THE prospects of finance and accounting outsourcing (FAO) here in the Philippines are exciting. This, despite India leading in this area, capturing 60 percent of global F&A service delivery, according to a “BPO Outcomes” report featuring an interview with Rajesh Ranjan, vice president of business-process outsourcing research for the Everest Group. This means the South Asian country is even dominating the services captured by Eastern Europe, Latin America and other Asian nations.
The things that make India the favored destination for FAO are doable and not impossible for the Philippines. In terms of labor arbitrage, we can lower labor costs; when it comes to English-language proficiency, we’re way better than the Indians. What we need to do is expand the pool of talents we have in finance and accounting; India has a lot more people in this field that we do. We need to train more people in this area to solve the problem of poaching and the lack of FAO talent. The problem of Philippine FAO service providers is that the people they trained are being pirated by bigger and foreign BPO companies. Since local firms cannot match the compensation packages offered by these companies, the only solution is to keep training more people.
The FAO is also expanding its market. Before, most companies availing of outsourcing service are large, multinational corporations; now, the market for small- and medium-sized enterprises (SMEs) is flourishing, according to the same BPO Outcomes report. This is because of technology considerations, which SMEs would like to take advantage of. Since these businesses don’t have the financial resources to set up technology infrastructures and software requirements, the emergence of Software-as-a-Service solution addresses their needs. So instead of buying their own software, which might be very expensive, companies can just subscribe to a monthly service that includes 24/7 technology support. The BPO Outcomes report refers to this solution as Business-Process-as-a-Service, which also includes hardware and information-technology support.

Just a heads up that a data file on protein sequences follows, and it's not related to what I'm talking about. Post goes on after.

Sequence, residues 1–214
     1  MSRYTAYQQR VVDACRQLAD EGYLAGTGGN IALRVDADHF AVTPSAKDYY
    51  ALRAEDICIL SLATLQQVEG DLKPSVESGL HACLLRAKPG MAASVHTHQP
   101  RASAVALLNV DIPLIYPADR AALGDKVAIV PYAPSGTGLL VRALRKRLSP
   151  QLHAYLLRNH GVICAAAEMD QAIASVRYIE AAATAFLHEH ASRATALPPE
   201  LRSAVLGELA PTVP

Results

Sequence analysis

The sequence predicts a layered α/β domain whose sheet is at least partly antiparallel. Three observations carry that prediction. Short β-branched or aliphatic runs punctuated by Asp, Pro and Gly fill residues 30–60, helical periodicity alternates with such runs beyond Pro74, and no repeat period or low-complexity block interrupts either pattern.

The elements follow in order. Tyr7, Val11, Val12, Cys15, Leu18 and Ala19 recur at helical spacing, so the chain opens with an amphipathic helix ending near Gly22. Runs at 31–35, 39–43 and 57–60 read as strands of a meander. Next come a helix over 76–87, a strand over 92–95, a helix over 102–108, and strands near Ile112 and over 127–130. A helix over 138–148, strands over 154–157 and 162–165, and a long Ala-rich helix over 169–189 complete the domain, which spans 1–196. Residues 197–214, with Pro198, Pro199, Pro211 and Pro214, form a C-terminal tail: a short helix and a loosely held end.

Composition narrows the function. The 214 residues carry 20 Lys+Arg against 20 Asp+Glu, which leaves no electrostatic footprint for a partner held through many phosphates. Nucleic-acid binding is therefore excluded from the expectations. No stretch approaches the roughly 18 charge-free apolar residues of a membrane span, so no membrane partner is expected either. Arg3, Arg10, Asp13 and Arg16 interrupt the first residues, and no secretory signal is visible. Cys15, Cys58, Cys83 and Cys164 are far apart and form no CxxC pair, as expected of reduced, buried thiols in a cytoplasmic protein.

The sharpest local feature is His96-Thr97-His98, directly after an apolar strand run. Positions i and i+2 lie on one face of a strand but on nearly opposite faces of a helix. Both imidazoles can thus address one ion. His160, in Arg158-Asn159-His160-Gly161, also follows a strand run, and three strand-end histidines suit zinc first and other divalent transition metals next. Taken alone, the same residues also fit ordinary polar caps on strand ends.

Quoting an Everest report, the BPO Outcomes article cited a 15-percent drop in the market captured by top FAO providers Accenture, IBM and Genpact. Though this does not mean they are losing customers, the market’s fast growth has led to the emergence of other providers that offer services similar to the big providers’. This presents an opportunity for Philippine-based FAO providers to take advantage of this increasing demand from onshore, nearshore and offshore customers.
These are interesting developments in FAO, and the Philippines is certainly capable of improving this year if our players are given the chance to serve a bigger market. Coupled with quality work, reasonable fees and adequate support from the government, it will not be long before our country will become the biggest FAO provider in the world. You might say I’m dreaming, but looking at all the facts I would say my prediction would be proven correct a few years from now.
The writer is the treasurer of KPS Outsourcing Inc. and a partner of Inventor, Miranda & Associates, CPAs. The views expressed here are her own and do not necessarily reflect the opinions of these institutions.